Even before the arrival of Europeans on the American continent, the Kishwa populations (one of the most important ethnic groups in South America, of which the women of the cooperative with whom we work are part), already exploited the tagua. by drinking it (when the seed is not yet ripe, it is in the form of a sweet dairy product), or by sculpting it to make small statuettes or jewellery.
In the middle of the 19th century, it is possible to find the first traces of export of the seed to Germany. The Germans are indeed the first to exploit the interesting properties of the seed: its lightness and ease to work. It is then used to make buttons (which until now were made of animal ivory, mother-of-pearl or wood) or small decorative items, even white piano keys.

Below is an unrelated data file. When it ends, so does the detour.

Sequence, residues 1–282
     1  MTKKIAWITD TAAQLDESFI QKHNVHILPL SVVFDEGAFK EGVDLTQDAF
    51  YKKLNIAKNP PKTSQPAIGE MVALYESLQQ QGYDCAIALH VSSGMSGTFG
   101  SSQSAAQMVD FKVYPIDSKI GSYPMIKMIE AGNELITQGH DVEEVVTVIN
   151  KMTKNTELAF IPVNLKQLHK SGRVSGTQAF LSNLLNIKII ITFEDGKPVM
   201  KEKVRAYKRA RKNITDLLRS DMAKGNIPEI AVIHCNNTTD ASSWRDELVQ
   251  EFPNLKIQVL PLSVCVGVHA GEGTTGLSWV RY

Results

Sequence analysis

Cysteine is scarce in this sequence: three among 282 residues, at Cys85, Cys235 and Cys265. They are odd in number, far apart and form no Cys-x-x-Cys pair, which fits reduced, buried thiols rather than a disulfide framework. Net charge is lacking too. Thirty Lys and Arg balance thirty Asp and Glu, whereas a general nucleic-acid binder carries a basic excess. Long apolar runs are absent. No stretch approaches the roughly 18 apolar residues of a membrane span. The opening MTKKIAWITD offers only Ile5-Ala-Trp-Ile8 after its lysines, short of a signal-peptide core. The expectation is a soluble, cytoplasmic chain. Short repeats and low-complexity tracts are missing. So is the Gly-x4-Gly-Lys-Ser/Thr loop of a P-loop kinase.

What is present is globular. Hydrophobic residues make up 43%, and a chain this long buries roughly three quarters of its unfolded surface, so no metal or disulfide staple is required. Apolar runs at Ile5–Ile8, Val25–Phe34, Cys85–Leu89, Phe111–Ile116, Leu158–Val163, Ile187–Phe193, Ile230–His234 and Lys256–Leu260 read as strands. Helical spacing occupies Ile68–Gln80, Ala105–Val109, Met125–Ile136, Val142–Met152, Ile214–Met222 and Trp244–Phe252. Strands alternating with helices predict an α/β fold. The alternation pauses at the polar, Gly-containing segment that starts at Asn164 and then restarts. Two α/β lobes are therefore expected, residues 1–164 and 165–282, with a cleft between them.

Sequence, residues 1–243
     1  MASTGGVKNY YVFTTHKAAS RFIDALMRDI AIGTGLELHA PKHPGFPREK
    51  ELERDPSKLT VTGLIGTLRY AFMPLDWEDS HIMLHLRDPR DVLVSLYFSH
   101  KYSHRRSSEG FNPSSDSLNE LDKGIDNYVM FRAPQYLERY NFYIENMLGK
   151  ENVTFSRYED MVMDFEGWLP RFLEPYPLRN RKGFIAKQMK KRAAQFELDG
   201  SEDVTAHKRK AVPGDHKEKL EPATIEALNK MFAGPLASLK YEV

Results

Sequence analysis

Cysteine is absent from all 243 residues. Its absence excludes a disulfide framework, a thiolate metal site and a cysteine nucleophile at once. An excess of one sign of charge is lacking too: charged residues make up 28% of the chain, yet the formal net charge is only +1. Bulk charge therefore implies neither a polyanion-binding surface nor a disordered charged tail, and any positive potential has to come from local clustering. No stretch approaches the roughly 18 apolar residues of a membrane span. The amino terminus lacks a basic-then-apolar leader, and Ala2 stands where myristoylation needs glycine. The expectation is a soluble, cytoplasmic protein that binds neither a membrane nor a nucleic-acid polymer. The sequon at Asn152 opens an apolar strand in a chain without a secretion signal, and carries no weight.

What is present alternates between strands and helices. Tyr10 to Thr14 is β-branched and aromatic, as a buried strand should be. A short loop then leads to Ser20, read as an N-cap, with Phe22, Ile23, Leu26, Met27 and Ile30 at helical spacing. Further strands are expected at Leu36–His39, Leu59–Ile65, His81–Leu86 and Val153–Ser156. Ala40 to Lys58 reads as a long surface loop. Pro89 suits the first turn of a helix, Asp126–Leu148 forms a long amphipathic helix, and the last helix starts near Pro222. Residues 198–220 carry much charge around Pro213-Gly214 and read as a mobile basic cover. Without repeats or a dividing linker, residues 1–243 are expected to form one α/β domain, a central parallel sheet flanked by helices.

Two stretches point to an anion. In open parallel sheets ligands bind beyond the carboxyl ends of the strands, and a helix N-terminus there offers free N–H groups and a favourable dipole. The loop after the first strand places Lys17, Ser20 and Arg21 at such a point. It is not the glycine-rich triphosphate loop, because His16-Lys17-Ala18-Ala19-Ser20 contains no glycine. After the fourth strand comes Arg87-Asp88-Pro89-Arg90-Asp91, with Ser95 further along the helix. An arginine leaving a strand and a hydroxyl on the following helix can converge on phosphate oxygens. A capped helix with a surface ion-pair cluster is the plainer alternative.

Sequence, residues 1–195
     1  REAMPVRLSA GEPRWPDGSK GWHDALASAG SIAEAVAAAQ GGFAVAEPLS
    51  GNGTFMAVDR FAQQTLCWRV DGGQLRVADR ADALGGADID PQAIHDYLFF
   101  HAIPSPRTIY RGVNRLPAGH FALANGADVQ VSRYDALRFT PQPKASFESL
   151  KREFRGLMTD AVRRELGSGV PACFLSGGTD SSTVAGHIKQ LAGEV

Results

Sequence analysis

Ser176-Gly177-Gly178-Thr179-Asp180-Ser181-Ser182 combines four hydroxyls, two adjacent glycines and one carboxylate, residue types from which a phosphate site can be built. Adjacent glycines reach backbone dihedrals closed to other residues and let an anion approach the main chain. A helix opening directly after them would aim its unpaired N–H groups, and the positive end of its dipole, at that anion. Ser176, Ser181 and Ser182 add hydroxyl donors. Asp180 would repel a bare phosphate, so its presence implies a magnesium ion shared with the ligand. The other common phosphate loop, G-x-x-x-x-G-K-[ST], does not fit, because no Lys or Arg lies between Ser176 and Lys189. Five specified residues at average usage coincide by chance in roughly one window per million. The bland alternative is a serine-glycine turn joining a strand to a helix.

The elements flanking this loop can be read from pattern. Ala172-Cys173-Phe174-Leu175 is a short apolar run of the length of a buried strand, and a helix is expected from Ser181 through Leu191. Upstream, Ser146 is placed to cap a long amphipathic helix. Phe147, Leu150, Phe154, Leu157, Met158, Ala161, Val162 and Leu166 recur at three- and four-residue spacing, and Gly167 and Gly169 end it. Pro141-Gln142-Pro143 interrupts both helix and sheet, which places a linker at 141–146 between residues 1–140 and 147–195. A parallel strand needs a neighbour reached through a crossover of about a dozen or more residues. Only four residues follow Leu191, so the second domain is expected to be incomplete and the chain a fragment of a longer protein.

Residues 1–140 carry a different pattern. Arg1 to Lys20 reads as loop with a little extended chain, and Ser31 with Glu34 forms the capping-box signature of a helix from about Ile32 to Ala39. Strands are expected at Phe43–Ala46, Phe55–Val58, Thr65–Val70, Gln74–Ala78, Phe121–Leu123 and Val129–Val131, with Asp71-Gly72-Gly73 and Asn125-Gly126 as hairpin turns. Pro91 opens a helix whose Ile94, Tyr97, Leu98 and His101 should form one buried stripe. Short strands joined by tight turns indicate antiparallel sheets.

First jealously exploited by German manufacturers, who also hide its origin to limit competition, the tagua trade will skyrocket internationally at the beginning of the 20th century, mainly following the creation of the Panama Canal in 1914, facilitating exports from South America.
Unfortunately, this boom will be short-lived: World War II will have a negative impact on the export of the seed, its main importers being European (mainly Germany and Italy). But it was really the boom in plastic after the war (cheaper and more malleable) that quickly made this material obsolete and caused the collapse of its trade.
Once intensely exploited, the palm tree now grows wild. Only a few farming families living on the edge of the Amazon rainforest are still involved today in harvesting the seed for almost exclusively local productions (animal sculptures for tourist markets).